Juliet Bauer is on a mission to make individual’s experience of online NHS services as compelling as possible, break down current barriers and help achieve a decisive shift to digitally delivered health services.
Juliet Bauer, joined NHS England as director of digital experience last November with responsibility for the flagship NHS.uk project, from a six-year spell as a digital leader at the Times Newspaper and a spell at health start-up Supercarers.
She is the third member of NHS England’s digital leadership team, alongside Will Smart and Professor Keith McNeill, NHS England’s CIO and CCIO. But arguably, with responsibility for making the NHS a cutting edge provider of compelling digital services, hers is the toughest brief of all.
In an exclusive interview with Digital Health News, she says her external experience is at the core of what she brings to the role, “Knowledge from the other side is incredibly valuable.”
Outlining the frustration of working for a start-up trying to get its product into the NHS, Bauer wants to ensure that future innovators do not suffer her experience of being shut out, unable to break in.
And, it’s not only professional experience that motivates Bauer to increase its digital offering, but her personal experience of the disconnects of the NHS. Writing on NHS England’s blog, she describes how a life-threatening pregnancy showed her first-hand how digital could be improved within the NHS.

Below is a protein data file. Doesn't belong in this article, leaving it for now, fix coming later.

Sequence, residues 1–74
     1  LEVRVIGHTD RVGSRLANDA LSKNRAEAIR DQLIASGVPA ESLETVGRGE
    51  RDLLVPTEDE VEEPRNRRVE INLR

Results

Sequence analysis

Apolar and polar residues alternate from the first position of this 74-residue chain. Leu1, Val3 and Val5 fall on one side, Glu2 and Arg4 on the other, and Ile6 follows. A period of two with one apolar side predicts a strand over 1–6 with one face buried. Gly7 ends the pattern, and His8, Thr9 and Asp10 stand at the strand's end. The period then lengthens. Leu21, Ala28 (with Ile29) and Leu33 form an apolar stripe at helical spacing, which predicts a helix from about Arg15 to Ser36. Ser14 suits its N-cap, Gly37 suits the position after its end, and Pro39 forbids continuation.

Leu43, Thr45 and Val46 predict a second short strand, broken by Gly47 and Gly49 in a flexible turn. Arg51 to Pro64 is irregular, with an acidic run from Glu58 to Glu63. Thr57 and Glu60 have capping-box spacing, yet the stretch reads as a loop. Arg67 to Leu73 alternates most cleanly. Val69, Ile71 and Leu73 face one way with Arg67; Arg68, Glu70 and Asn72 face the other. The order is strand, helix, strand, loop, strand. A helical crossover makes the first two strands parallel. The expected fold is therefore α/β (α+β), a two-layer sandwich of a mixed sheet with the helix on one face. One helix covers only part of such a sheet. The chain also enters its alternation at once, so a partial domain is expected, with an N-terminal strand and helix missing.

“Vital data was not collected or connected. Information from all my interactions across the system was not to hand when it was needed. Under pressure professionals were spending too much time trying to fill the gaps.”
After being appointed in September 2016, Bauer has been given a year to deliver on key digital initiatives that underpin Personalised Health and Care 2020, including: the app library, NHS.uk, citizen identity, developer space. Many of these have been floating around in various guises for some time. She sat down with Digital Health News in London to discuss her plans.
Quietly launched just before Easter, there is now a new NHS developer platform, Developer.nhs.uk, that allows access to health data, test apps and access standards.
Bauer says there has been a demand for something like the platform for a very long time.
“The challenge has been that if you’re a developer or entrepreneur, and you create something in the health space, navigating the system is a key barrier.”
She added: “That’s unacceptable, we need to make it clear to them, because otherwise we’re not harnessing the power they can bring.”
In 2016, Simon Stevens, NHS England chief executive, attempt to tackle the problem of NHS adopting new technologies. A med tech tariff was introduced, as were the innovation test beds to try out new technologies.
Bauer is also hoping that the distinction between technology and clinical care begins to blur as the current barriers lessen.
“Over time I’ll think what we’ll find is that, as we have in other industries, is that a wider group of our 1.4 million employees will themselves also be digital innovators.”
The long-awaited app library
A beta version of the latest incarnation of NHS App Library, and what even Bauer admits as “obviously an early start”, went live earlier this month.
Looking pretty clunky in this iteration, there are about 25 apps live on the site across varying categories and with different NHS approval rates. The highest rating from the NHS is “NHS Approved”, which currently only one app has, certifying that it has a clinical evidence base behind it.